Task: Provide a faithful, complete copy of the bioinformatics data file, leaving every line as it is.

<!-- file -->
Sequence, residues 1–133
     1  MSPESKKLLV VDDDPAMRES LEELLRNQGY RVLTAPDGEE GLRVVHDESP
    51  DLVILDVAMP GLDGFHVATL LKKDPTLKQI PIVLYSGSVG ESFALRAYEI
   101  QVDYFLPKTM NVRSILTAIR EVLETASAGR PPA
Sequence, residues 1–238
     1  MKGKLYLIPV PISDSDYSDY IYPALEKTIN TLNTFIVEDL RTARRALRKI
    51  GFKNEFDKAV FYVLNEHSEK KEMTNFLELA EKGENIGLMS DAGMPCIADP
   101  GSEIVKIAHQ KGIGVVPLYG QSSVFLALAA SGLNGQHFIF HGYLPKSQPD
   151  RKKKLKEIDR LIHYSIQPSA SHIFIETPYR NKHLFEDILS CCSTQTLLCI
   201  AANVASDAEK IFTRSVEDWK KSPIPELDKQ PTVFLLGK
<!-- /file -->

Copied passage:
Sequence, residues 1–133
     1  MSPESKKLLV VDDDPAMRES LEELLRNQGY RVLTAPDGEE GLRVVHDESP
    51  DLVILDVAMP GLDGFHVATL LKKDPTLKQI PIVLYSGSVG ESFALRAYEI
   101  QVDYFLPKTM NVRSILTAIR EVLETASAGR PPA
Sequence, residues 1–238
     1  MKGKLYLIPV PISDSDYSDY IYPALEKTIN TLNTFIVEDL RTARRALRKI
    51  GFKNEFDKAV FYVLNEHSEK KEMTNFLELA EKGENIGLMS DAGMPCIADP
   101  GSEIVKIAHQ KGIGVVPLYG QSSVFLALAA SGLNGQHFIF HGYLPKSQPD
   151  RKKKLKEIDR LIHYSIQPSA SHIFIETPYR NKHLFEDILS CCSTQTLLCI
   201  AANVASDAEK IFTRSVEDWK KSPIPELDKQ PTVFLLGK